Pregnant people urged not to skip or mess with their glucose test due to 'scary' new trend
"This trend and the misinformation around it will 100% kill babies, if it hasn't already."
Social media can be used to spread education and overall helpful information, but it can be hard to decipher what's true and what's not. Especially if the person making the video or writing the post speaks with authority, as if this is information you should already know and now you're somehow behind the curve in knowledge.
Recently, a trend has popped up of influencers insisting that belly buttons are connected to multiple nerves, veins and organs in your body and exclaiming that rubbing caster oil in your belly button will provide you with immense health benefits. Doctors and nurses on Tiktok simply explained that belly buttons are a scar that leads to nowhere but didn't discourage people from greasing up their belly buttons.
But when it comes to medical information, not everything can be assumed harmless misinformation. There has been an uptick in videos of pregnant influencers encouraging others to refuse the glucose drink that helps detect gestational diabetes.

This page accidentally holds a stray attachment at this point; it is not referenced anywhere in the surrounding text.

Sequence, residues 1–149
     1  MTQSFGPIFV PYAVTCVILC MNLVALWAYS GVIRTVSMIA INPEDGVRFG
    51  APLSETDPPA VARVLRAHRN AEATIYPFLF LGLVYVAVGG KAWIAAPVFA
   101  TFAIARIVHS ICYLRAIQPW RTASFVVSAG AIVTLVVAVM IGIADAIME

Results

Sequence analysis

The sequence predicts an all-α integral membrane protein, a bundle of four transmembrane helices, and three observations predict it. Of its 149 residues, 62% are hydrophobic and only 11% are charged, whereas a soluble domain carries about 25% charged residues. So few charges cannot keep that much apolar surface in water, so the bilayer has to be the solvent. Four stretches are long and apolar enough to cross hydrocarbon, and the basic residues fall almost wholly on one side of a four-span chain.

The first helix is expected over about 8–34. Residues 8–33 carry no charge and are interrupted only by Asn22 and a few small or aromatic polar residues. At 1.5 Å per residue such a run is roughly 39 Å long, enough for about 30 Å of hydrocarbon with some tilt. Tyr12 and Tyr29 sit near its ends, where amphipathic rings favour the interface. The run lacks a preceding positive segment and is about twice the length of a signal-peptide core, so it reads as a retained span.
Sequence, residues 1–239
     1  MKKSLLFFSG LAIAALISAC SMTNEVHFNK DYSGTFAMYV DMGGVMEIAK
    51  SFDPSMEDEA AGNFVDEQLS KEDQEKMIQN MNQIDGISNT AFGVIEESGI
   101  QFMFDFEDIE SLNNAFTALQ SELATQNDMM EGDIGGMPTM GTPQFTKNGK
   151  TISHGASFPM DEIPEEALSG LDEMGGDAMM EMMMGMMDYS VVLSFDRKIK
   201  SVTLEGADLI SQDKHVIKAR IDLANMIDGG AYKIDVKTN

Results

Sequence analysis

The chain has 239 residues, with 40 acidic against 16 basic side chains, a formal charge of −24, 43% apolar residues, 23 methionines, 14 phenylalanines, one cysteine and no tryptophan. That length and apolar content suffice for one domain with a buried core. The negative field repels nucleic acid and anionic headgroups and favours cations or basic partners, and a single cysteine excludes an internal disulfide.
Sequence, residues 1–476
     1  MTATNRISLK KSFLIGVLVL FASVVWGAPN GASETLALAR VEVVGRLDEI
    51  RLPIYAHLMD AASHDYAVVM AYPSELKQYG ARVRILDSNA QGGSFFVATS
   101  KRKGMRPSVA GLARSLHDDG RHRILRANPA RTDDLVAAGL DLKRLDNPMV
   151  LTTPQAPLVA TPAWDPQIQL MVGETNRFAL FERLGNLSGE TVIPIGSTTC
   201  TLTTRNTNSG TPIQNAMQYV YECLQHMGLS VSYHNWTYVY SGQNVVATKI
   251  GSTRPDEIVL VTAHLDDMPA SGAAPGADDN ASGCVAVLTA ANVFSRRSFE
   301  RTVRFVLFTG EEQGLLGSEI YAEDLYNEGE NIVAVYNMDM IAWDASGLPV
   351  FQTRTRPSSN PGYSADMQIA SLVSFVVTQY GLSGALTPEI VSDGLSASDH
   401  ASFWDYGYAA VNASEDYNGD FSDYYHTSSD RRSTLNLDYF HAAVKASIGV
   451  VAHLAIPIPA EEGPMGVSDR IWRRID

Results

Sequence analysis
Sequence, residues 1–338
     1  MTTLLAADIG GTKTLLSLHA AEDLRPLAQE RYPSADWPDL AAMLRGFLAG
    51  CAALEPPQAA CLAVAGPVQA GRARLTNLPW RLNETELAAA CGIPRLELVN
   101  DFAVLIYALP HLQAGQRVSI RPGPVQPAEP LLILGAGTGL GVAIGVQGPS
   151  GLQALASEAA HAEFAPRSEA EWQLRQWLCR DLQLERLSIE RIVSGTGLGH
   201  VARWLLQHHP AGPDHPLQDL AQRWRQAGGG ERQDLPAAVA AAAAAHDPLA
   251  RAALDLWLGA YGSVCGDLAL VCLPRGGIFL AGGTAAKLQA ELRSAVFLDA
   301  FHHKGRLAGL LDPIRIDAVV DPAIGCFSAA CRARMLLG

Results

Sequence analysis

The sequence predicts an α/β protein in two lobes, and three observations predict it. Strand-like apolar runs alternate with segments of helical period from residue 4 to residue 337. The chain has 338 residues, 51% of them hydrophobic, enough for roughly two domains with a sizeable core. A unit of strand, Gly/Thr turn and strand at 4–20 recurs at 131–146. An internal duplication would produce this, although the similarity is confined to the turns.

The women in the videos cite unknown chemicals and dyes in the glucose drink and insist on eating things like fruit, jelly beans, fruit juice and even soft drinks instead. Ironically, things like jelly beans, juice and soft drinks all have dyes and hard-to-pronounce chemicals in them. This trend tipped the scales from quirky and harmless to misinformed and dangerous, which has had doctors, nurses and licensed dietitians ringing all of the alarms.
Jen Hamilton, a labor and delivery nurse, posted a video responding to some of the misinformation she was getting tagged in.
"Okay, I have to talk about the scariest pregnancy trend that I'm seeing on social media right now," Hamilton explains. "This trend and the misinformation around it will 100% kill babies, if it hasn't already, and that is the encouragement to pregnant people to refuse the gestational diabetes screening in pregnancy. Or the use of unvalidated alternatives to the glucose screening test."
To show an example, Hamilton plays a short clip of a pregnant person holding a bottle of Coke with writing on the screen that says, "Come with me to do my glucose test. 26 weeks pregnant!" Hamilton obscures the pregnant person's face and screen name for their privacy, but the implications of refusing proper glucose screening using the approved Glucola drink can have severe complications, which Hamilton gets into further in the video.
You can watch the entire video below, including some clips from other professionals Hamilton added to her post: